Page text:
It’s May the 4th, so I am thinking about Star Wars and how much I like it, particularly the new trilogy. However, I can no longer think about my love for the new films without thinking about how often I’ve been made to feel inferior for liking them. In fact, in the wake of the divisive release of The Last Jedi, I’ve often regretted publicly stating my affection for the new trilogy. So on this May the 4th, I want to speak candidly to Star Wars fans. In fact, what I have to say should be helpful for all fandoms (Game of Thrones fans come to mind, maybe even Sonic fans). However, before I do, I have a confession and an apology to make.Sometimes it feels like fans are the worst at letting other people enjoy things. I think that’s a real shame.
I’ve not always been charitable when it comes to discussing Star Wars with those who dislike the new trilogy. In the last year or so, I have made a lot of jokes at the expense of Star Wars fans.
I think I can say with a clear conscience that I meant these jokes in good fun, but nonetheless need to clear the air. If you hated TLJ, I shouldn’t view this as a reflection on your intelligence, your worth, your character, or even your taste. If I ever thought less of someone for not liking TLJ, it was me who was in the wrong—that’s not only ridiculous, that’s morally wrong.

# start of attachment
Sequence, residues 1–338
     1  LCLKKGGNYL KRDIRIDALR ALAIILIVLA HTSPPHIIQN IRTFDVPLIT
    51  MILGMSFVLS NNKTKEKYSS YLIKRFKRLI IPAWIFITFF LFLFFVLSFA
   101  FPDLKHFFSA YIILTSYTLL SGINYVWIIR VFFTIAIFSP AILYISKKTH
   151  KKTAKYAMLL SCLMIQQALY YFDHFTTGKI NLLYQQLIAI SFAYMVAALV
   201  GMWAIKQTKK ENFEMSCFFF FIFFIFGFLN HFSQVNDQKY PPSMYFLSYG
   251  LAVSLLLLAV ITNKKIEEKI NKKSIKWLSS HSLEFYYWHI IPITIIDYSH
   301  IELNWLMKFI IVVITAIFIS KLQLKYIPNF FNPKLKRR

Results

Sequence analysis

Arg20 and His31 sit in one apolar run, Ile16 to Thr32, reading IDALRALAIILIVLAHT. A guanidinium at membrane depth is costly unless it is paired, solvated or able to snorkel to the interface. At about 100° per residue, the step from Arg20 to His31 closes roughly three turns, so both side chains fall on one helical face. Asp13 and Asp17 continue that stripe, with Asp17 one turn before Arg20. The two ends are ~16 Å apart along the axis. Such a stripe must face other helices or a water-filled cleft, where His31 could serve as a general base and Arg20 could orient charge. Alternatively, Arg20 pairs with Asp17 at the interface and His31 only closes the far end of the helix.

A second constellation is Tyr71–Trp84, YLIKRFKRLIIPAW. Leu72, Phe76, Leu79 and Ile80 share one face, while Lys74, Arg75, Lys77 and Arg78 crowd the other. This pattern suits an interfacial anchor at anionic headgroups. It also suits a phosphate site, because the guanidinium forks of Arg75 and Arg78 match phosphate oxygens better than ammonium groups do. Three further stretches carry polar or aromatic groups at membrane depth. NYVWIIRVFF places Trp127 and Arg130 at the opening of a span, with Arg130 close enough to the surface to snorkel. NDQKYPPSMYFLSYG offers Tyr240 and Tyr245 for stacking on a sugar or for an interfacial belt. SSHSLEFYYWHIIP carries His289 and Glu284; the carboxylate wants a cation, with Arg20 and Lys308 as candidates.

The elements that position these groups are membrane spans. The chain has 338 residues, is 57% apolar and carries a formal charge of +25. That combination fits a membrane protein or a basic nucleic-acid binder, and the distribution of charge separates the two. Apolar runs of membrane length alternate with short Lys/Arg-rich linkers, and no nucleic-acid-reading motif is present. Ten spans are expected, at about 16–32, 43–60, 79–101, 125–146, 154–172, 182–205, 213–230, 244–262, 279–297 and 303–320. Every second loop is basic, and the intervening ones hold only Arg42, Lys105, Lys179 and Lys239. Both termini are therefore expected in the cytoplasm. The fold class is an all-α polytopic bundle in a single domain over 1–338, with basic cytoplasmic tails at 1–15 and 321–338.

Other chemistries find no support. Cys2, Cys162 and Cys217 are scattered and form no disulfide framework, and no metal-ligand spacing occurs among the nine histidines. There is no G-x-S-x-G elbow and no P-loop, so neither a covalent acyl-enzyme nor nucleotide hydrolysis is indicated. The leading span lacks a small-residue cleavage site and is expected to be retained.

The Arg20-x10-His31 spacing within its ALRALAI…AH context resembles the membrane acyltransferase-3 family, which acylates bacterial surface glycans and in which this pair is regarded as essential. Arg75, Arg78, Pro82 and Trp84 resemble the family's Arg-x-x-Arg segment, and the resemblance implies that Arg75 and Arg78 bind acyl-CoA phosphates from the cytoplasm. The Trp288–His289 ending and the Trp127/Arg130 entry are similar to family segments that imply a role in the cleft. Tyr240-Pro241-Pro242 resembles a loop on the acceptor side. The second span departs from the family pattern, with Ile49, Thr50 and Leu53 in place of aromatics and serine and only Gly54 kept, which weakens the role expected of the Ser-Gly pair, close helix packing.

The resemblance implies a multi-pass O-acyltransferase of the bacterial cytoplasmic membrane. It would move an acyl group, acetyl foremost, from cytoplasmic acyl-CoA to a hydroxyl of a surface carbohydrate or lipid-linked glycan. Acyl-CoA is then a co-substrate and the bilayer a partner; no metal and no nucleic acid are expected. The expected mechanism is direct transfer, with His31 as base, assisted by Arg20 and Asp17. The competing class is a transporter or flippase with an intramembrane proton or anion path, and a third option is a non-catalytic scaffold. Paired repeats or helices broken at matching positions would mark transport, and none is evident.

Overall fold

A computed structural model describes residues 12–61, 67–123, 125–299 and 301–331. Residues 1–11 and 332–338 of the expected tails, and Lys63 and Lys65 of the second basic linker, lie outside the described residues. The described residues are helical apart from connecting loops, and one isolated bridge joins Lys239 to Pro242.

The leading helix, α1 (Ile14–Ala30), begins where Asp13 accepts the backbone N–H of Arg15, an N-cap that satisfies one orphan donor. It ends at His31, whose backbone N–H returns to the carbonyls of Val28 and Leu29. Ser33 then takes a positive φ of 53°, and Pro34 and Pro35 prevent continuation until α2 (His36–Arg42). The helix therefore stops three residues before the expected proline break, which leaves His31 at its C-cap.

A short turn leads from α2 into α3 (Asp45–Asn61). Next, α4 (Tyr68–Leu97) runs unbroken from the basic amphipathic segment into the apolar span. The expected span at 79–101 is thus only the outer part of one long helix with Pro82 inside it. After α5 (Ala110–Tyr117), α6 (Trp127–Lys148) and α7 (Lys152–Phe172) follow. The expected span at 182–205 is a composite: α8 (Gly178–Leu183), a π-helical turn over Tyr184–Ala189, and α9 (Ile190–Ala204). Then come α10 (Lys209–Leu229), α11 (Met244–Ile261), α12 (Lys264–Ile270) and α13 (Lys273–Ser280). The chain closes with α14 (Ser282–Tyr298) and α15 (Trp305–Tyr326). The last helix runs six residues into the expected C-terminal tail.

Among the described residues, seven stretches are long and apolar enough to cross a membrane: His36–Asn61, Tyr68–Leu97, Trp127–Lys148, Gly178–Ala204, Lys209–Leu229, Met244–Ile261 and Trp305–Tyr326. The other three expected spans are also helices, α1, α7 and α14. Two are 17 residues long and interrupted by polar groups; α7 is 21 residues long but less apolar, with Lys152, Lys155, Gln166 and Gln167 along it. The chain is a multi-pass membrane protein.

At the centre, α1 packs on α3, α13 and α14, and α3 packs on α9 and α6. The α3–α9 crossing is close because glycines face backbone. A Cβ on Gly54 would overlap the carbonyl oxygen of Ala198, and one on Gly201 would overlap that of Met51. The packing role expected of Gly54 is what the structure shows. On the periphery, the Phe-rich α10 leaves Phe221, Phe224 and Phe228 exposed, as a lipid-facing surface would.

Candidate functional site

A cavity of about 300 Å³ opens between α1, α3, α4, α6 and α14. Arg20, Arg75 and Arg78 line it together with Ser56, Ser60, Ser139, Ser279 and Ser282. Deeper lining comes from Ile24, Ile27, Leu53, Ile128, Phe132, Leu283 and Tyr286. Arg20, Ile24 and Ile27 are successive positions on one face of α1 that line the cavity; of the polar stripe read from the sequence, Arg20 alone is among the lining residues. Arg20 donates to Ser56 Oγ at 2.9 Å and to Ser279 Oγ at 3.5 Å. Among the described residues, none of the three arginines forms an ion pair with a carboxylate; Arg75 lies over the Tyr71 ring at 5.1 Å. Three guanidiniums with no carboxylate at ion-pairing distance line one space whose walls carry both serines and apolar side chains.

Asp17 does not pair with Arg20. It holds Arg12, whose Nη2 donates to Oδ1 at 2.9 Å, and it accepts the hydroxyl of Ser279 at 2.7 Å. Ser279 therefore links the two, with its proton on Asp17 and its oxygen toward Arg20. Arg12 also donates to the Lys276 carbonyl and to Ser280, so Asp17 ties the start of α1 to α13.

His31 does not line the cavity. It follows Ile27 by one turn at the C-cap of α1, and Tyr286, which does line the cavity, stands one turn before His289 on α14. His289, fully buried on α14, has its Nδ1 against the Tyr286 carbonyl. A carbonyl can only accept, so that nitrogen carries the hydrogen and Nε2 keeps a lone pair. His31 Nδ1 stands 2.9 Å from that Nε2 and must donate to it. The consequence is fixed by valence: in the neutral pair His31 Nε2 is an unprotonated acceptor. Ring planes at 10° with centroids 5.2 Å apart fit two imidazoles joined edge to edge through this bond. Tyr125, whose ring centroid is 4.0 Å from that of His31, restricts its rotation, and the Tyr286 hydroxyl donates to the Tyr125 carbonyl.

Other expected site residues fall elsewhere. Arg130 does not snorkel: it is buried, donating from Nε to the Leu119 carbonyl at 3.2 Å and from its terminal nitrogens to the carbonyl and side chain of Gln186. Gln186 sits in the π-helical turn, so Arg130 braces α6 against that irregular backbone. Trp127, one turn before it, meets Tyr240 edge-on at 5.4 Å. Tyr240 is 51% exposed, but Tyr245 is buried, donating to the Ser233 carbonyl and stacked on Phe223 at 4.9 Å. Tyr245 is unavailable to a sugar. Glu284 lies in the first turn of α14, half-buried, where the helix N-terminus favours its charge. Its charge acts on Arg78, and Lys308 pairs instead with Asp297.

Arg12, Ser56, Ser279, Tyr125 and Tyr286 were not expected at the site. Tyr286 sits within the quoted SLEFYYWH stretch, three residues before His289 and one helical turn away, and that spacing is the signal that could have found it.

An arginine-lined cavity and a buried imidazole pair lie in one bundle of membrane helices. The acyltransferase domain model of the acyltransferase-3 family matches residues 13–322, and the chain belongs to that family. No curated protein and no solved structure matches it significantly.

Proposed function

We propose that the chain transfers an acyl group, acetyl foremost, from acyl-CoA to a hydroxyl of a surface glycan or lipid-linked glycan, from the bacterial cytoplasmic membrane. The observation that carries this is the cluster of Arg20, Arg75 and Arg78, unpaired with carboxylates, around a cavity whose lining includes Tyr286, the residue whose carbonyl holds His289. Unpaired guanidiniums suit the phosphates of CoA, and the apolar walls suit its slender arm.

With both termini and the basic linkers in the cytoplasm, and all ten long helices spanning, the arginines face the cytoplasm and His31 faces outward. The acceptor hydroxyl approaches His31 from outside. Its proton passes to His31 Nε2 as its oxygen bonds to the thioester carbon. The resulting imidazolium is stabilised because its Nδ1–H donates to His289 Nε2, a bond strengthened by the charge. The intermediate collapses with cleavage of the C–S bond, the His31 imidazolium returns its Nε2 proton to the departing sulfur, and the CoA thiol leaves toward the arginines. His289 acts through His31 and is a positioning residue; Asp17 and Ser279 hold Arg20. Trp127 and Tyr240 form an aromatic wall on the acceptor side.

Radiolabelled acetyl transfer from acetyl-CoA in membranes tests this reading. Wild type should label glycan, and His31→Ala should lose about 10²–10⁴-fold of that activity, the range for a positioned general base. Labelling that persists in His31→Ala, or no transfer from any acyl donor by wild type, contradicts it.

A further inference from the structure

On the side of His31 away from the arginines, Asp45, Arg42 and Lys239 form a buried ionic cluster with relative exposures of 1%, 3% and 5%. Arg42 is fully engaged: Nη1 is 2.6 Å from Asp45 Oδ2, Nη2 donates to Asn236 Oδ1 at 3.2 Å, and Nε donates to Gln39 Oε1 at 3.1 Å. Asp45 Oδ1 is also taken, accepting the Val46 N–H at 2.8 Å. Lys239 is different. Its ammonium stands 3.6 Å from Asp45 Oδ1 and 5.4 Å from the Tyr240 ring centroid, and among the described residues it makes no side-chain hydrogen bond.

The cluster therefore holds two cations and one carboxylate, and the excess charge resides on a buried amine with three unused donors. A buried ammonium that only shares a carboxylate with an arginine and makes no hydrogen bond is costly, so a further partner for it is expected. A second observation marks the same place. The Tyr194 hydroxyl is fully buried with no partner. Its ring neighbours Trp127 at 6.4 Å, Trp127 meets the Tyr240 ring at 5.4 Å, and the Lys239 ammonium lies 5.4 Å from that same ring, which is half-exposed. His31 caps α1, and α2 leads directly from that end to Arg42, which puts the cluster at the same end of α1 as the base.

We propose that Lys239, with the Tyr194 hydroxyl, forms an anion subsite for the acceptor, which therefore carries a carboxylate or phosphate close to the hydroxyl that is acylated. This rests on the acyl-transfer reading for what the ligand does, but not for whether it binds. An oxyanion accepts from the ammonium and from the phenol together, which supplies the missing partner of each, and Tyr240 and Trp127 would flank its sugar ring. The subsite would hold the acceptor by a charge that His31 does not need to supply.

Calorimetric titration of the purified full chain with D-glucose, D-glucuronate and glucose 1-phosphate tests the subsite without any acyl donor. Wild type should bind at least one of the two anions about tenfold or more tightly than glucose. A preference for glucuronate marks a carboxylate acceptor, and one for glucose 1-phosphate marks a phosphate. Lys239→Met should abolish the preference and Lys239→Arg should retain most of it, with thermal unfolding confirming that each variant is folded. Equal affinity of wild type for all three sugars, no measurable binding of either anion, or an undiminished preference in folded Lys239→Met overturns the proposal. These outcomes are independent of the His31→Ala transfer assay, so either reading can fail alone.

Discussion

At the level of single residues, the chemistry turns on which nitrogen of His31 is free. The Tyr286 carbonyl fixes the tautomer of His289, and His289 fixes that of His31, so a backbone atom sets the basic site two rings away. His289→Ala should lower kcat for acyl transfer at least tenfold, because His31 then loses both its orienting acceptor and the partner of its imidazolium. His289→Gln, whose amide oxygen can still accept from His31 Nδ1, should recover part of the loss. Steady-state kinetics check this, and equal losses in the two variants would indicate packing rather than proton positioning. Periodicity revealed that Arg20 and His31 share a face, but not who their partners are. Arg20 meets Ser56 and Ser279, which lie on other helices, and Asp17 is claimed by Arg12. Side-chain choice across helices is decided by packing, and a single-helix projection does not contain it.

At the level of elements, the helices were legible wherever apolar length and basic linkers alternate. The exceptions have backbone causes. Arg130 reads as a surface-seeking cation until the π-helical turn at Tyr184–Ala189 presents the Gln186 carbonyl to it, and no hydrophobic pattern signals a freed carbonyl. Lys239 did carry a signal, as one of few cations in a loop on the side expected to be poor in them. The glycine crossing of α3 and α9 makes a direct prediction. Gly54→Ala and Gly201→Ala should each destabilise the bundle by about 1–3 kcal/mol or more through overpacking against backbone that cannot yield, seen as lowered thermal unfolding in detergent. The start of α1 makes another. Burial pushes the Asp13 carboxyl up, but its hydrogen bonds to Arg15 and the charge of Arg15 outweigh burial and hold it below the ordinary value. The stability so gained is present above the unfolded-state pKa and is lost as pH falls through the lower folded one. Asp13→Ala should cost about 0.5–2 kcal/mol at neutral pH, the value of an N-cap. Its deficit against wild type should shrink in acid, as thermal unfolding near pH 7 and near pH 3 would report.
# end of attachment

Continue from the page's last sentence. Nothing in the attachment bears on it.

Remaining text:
And truthfully, most people I know who didn’t like TLJ are wonderful, reasonable people who I’m really glad are a part of my life. I even enjoyed talking about the film with some of them. Most of these friends stated their dislike, and why they disliked it—then moved on. I do, however, want to take a moment and address the people (myself included) who just couldn’t let the other side have their opinion.
Despite my bombastic posts on social media, the truth is my opinion on Star Wars or any other piece of media is not definitive—and neither is yours. Open discussions about why we do or don’t like certain things are part of what I love most about nerd culture, but no one should have their credibility or their character judged based on their appraisal of a film, ever. Period. The minute we start doing that, then the nerdy stuff we love has lost its ultimate value: enjoyment. As a Christian, I would call that a symptom of idolatry.
Discussions and charitable debates are great; I am just tired of the campaigns to convince me that I shouldn’t enjoy something I enjoy. I like Star Wars and I don’t want to stop liking it. The films are things I watch to decompress and take in an exciting story with relatable and engaging characters. What I don’t enjoy is the discussion that always unfolds after I state as much. Sometimes it feels like fans are the worst at letting other people enjoy things. I think that’s a real shame.
Here is the truth that we know deep down but are too often slow to admit: there are wonderful people out there in the world who loved, hated, or are indifferent to The Last Jedi—and that’s ok. It’s fine to have a healthy debate about its merits or lack thereof, but can we please drop the name calling, labeling, and gatekeeping? We aren’t accomplishing anything other than making content creators more fearful and fans less vocal about their enjoyment.
I like to talk about the things I enjoy. Here’s to hoping I can talk about The Last Jedi again some day.